# Our tale begins Renaissance Spain
# Its leaders were a shower
# And I ran out of patience so began my quest for power
# I splashed my cash to all the Papal Cardinals in hope
# That they'd be bought
# They were in short
# And I became the Pope
# More power than I oughta
# Blood's thicker than water
# Appoint my sons and daughter
# To run a dynasty
# With Daddy as the Pope I could do as I pleased, was ace
# I'd kill a man who'd dare to like invade my personal space
# I found a husband for Lucrezia
# Rich Giovanni Sforza
# Do you love him?
# Yes, of course, but love is power and money more so
# Now married to the Sforzas
# This opens up new doorses
# The world bows down before us
# The Borgia/Sforza Family
# Oh yes and while we're at it
# We will marry son Gioffre
# Aged 12 but so what, soon we'll be
# The Borgia/Sforza and the Naples family
# When the Sforza family eventually bores ya
# We'll just annul the marriage if he refuses to divorce ya
Don't I get a say?
Don't fret, for you another man I'll get, Alfonso of Aragon.
I like him, this could go on and on.
You like him, I've gone off him, his pretty face makes me wince.
You killed him?
Yeah, I'm the model for Machiavelli's Prince.
# Giovanni ran the army
-# But Cesare said...
# I'll kill you if you cross me
# I might kill you anyway
# I am the mostest powerfulest evillest of all
# As long as Dad's alive there's not a single chance I'll fall
# We've suddenly lost status,
# It seems the whole world hate us
# They excommunicate us
# The Borgia Family. #
Don't worry, the dentist will be with you shortly.
Oh, I hope so. Is Mr Ian good?
-Yeah, on the sign outside, Mr George Ian.
Oh no, he's Mr Georgian. He's one of the most modern doctors
here at the historical dentists. You're in safe-ish hands.
Ah, good day to you.
I understand you are suffering from some rather serious dental pain.
Not to worry, we Georgian dentists are very advanced in this area.
False teeth, fillings, the ill effects of too much sugar,
-all these things are known to us.
-That's very reassuring.
As is the use of sticks, wee and gunpowder in cleaning teeth.
Right, open up, if you wouldn't mind.
Hm, now there is now some rather serious decay there,
and so I could just scrape away the decaying area
-and put a filling in it.
-Well that sounds OK.
Shall I heat up the wire, doctor? Takes a while to get it red hot.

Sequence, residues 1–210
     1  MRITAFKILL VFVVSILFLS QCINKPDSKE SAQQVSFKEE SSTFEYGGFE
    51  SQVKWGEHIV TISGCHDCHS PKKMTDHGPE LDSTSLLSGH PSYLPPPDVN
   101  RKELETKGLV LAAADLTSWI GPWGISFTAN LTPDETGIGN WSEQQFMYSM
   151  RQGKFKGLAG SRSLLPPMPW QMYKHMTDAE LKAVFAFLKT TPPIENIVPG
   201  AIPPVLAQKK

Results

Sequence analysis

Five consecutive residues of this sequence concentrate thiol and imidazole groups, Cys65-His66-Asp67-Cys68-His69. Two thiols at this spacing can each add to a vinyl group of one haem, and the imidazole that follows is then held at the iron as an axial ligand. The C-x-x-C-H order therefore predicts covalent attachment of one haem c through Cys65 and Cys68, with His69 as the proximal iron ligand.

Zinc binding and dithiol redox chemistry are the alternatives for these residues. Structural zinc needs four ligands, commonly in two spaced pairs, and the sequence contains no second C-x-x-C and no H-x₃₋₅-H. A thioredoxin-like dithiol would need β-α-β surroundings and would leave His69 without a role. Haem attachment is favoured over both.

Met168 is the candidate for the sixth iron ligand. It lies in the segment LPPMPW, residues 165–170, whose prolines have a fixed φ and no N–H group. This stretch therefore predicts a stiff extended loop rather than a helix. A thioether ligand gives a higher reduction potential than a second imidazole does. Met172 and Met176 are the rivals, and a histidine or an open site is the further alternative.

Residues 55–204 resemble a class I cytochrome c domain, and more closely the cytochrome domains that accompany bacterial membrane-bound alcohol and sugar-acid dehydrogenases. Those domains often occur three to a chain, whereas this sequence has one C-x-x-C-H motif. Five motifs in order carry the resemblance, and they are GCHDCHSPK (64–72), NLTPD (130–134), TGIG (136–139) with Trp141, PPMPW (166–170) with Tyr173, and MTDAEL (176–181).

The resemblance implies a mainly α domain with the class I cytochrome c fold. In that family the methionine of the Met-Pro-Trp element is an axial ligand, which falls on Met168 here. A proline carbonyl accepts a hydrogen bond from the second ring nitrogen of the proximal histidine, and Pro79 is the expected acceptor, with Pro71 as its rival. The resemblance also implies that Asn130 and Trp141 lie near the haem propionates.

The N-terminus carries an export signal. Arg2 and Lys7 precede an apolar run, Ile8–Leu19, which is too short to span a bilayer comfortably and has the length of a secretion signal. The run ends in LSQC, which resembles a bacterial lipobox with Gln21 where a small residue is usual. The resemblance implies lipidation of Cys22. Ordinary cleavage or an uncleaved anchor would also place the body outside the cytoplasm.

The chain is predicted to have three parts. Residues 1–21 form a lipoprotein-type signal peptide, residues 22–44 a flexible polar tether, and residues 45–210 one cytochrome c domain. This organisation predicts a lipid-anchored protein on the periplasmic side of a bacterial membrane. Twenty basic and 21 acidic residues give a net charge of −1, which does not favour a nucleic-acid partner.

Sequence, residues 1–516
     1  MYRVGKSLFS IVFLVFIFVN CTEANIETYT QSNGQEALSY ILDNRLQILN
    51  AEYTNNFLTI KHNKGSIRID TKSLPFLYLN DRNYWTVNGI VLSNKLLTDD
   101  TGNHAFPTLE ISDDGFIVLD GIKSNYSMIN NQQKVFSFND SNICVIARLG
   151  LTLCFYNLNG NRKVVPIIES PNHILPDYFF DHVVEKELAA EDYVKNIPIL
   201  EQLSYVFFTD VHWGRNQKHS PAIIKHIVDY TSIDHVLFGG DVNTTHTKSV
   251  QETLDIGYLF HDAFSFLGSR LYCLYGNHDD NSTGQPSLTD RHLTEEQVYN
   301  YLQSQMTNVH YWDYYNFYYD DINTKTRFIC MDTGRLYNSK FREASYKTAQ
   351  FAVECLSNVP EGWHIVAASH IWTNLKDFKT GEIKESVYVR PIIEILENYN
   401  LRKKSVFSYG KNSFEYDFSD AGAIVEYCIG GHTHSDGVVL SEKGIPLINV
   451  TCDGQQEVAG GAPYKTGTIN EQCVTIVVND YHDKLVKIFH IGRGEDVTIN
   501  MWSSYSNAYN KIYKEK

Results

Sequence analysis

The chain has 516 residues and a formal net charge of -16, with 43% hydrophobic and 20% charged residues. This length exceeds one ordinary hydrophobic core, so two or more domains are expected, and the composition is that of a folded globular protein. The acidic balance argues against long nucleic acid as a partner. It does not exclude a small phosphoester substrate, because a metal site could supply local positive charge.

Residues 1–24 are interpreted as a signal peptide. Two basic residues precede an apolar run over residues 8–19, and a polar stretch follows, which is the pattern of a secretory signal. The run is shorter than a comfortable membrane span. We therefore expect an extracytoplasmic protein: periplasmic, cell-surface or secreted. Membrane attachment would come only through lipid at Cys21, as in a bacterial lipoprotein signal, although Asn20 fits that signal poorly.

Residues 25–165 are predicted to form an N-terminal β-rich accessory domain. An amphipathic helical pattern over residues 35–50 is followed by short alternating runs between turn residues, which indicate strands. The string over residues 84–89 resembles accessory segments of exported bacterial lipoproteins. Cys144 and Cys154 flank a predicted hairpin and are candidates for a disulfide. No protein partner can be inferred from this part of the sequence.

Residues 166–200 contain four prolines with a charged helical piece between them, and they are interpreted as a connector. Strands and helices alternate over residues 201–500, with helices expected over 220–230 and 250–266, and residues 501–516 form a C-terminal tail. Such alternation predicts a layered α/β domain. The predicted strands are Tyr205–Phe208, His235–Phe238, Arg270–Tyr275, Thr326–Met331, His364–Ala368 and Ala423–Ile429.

What do you need a wire for?
Well, we touch your nerve ending with the red hot wire
to cauterise it.
Now, what sort of filling would you like, lead or beeswax?
Well, neither, lead's poisonous and beeswax will just melt.
I could do you a porcelain one
but, the solution we use in that process kills the tooth
so you'd end up with a white filling in a black tooth.
No, and frankly I don't want a red hot wire in my mouth anyway.
-Yes. Now you do seem to be in a lot of pain.
I don't see why I shouldn't just remove the whole tooth.
-Will that hurt?
-Not unless I take half your jaw with it.
-Now don't worry, that only happens
when a Georgian barber does your dental work.
I, on the other hand, am a professional operator to the teeth.
That's what Georgians used to call dentists, it's very grand.
We shall just remove the bad tooth and replace it with a false one.
Bit on the large side, isn't it?
Oh, I see, well I'm not going to... and then, oh, oh, oh.
No, no, that's not going to happen.
Mandy will simply carve a false tooth from this walrus tusk.
Right away, Mr Georgian.
Well, that sounds all right.
-Right, lie on the floor for me, please.
So I can clamp your head between my legs and rip out the tooth.
-Oh, that's strange.
-Was it something you said?
Did you know George Washington, the first President of America,
had dentures made from hippo and elephant ivory? Ah!
Hey, they must have been huge!
What was that?
They were carved down? Oh, that's boring.
Still, he couldn't have looked any sillier than most posh Georgians